Myths are stories that recount supernatural exploits of ancient deities. They reflect the full range of human failings, temptations, sins and virtues. They originated with the glimmering of civilizations, and have persistently intrigued people for thousands of years.
Because of their dramatic, yet relevant themes myths have inspired artists, composers, and choreographers throughout the ages. Masters such as Raphael, Poussin, Tomayo, Matisse, Picasso and Beardon have paid homage to mythological themes.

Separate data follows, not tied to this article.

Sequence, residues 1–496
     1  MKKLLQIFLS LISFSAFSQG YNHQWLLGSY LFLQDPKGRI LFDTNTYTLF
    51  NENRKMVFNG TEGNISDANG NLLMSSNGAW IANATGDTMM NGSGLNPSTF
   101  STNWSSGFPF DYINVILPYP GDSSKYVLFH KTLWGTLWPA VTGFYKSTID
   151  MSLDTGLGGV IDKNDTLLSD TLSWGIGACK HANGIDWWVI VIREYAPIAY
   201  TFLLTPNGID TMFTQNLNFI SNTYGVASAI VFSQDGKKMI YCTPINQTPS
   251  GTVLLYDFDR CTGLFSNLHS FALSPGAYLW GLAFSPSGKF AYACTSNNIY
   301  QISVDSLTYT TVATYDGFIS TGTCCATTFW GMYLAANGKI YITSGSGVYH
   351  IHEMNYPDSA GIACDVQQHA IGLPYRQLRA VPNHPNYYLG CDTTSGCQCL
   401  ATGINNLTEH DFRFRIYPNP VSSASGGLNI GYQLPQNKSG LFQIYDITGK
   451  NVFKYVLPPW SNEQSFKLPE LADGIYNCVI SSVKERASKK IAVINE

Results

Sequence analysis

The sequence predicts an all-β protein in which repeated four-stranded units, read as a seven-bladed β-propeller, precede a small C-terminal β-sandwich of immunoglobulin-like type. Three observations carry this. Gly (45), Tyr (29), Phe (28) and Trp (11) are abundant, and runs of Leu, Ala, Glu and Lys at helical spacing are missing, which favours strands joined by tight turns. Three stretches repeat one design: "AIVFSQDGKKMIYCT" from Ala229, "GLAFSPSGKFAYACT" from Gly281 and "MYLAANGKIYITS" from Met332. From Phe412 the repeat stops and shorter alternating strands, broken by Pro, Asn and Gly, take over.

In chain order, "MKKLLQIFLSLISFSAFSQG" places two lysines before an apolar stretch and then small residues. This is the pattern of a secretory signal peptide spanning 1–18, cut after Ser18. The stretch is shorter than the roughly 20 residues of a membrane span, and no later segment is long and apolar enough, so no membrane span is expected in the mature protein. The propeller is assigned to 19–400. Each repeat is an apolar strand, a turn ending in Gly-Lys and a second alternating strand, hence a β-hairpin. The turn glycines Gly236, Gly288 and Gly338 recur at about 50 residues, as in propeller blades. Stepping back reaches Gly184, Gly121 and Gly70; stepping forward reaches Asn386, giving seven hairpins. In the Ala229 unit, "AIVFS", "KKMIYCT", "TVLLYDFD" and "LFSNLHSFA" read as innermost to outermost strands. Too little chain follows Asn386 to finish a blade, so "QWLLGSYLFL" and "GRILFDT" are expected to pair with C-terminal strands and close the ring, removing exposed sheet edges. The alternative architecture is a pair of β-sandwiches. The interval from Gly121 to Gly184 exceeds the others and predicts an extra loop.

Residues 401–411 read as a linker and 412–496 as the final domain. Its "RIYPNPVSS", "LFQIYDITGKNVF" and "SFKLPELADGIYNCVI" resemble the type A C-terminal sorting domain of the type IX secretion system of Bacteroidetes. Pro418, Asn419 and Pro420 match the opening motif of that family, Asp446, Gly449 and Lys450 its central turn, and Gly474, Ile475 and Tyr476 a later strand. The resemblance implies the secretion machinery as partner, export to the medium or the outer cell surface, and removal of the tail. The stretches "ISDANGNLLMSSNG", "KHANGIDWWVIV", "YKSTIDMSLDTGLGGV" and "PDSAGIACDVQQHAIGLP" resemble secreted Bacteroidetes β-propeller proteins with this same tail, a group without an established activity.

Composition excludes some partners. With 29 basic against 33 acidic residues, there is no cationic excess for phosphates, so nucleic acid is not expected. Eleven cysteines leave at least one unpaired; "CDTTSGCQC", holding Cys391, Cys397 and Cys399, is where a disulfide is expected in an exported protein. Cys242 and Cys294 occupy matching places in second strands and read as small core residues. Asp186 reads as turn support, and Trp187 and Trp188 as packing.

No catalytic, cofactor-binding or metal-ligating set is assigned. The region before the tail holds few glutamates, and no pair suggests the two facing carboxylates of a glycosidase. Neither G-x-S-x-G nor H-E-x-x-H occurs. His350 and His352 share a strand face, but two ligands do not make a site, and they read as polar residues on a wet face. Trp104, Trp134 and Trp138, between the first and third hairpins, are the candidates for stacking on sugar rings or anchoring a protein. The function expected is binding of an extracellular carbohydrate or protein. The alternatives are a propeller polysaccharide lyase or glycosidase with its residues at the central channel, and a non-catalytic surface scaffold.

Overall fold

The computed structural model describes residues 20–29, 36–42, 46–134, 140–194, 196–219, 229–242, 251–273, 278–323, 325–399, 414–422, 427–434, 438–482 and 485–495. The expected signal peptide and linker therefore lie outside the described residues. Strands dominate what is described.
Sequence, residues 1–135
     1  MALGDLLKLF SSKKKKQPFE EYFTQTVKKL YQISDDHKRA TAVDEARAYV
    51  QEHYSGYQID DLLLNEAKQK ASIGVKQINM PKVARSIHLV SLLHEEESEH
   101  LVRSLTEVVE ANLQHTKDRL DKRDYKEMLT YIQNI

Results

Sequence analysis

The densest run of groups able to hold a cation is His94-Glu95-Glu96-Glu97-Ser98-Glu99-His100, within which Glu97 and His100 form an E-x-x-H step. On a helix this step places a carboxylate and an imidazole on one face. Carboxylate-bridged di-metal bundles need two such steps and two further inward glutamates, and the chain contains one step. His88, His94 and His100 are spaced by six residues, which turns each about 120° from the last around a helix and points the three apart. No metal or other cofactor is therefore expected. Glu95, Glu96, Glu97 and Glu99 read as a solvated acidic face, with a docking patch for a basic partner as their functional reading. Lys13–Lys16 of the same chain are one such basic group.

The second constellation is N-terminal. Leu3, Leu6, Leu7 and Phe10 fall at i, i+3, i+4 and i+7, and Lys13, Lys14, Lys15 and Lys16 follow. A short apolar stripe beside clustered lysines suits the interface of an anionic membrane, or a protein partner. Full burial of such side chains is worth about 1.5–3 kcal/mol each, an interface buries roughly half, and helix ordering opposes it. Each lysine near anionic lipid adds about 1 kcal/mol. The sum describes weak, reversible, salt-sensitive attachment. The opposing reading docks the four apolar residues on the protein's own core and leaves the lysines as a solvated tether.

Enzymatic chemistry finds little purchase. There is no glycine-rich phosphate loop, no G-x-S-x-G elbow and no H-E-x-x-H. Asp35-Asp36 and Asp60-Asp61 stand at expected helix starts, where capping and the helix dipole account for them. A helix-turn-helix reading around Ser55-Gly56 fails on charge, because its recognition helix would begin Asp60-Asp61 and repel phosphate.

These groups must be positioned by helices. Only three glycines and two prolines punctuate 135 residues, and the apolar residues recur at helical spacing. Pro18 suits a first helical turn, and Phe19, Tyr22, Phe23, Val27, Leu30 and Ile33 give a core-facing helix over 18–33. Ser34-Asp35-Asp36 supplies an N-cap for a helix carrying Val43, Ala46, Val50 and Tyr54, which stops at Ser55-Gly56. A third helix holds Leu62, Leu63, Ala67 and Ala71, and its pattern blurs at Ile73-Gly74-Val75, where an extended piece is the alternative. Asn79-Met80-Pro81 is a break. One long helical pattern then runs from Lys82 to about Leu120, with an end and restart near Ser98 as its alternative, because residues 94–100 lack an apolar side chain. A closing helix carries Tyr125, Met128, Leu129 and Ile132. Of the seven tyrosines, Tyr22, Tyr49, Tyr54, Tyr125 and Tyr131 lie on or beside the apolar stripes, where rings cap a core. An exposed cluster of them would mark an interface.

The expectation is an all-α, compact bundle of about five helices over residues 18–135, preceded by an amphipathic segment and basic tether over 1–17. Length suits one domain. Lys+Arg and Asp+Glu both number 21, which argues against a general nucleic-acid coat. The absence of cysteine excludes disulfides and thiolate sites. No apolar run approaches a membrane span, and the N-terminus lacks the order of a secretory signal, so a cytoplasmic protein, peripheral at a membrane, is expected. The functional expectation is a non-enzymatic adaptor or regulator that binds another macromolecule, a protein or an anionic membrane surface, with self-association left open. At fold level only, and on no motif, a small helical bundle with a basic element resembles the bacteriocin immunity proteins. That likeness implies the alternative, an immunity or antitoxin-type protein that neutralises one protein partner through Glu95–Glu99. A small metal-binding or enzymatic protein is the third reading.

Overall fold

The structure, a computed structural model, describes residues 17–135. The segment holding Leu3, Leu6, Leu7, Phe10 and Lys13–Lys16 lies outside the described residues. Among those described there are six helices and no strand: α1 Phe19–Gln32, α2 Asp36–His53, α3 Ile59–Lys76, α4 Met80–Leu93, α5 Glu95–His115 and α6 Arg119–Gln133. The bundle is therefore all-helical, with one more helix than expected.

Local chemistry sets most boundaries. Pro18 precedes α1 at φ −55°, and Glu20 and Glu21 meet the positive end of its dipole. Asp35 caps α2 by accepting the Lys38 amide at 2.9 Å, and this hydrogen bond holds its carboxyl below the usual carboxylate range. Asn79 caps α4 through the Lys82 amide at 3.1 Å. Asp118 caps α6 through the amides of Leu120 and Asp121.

Weaving together the real and imagined worlds, mythology stirs emotions and stimulates creative expression. The stories are stirring, cruel, ironic, funny, violent, inspiring, absurd and tragic.
In the increasingly binary world in which we live, a resurgence of mythological exploration celebrating the intersection of human and the divine has recently been embraced. This may be due in part to these fanciful stories being means of escapism and discovery, while weaving a tapestry rich in imagery and imagination.
In today's world of terrorism, disease, famine and genocide, the stories of mythology seem more relevant and revealing than ever.